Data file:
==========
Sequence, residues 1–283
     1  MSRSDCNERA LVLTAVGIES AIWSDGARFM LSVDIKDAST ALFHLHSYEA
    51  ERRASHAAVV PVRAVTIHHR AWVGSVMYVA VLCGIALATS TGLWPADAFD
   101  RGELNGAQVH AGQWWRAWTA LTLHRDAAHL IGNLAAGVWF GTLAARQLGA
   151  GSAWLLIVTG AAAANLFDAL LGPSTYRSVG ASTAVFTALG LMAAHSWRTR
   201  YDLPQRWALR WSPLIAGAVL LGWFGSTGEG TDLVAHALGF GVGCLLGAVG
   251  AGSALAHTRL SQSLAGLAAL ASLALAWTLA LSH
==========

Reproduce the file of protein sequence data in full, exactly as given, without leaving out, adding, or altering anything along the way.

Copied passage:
Sequence, residues 1–283
     1  MSRSDCNERA LVLTAVGIES AIWSDGARFM LSVDIKDAST ALFHLHSYEA
    51  ERRASHAAVV PVRAVTIHHR AWVGSVMYVA VLCGIALATS TGLWPADAFD
   101  RGELNGAQVH AGQWWRAWTA LTLHRDAAHL IGNLAAGVWF GTLAARQLGA
   151  GSAWLLIVTG AAAANLFDAL LGPSTYRSVG ASTAVFTALG LMAAHSWRTR
   201  YDLPQRWALR WSPLIAGAVL LGWFGSTGEG TDLVAHALGF GVGCLLGAVG
   251  AGSALAHTRL SQSLAGLAAL ASLALAWTLA LSH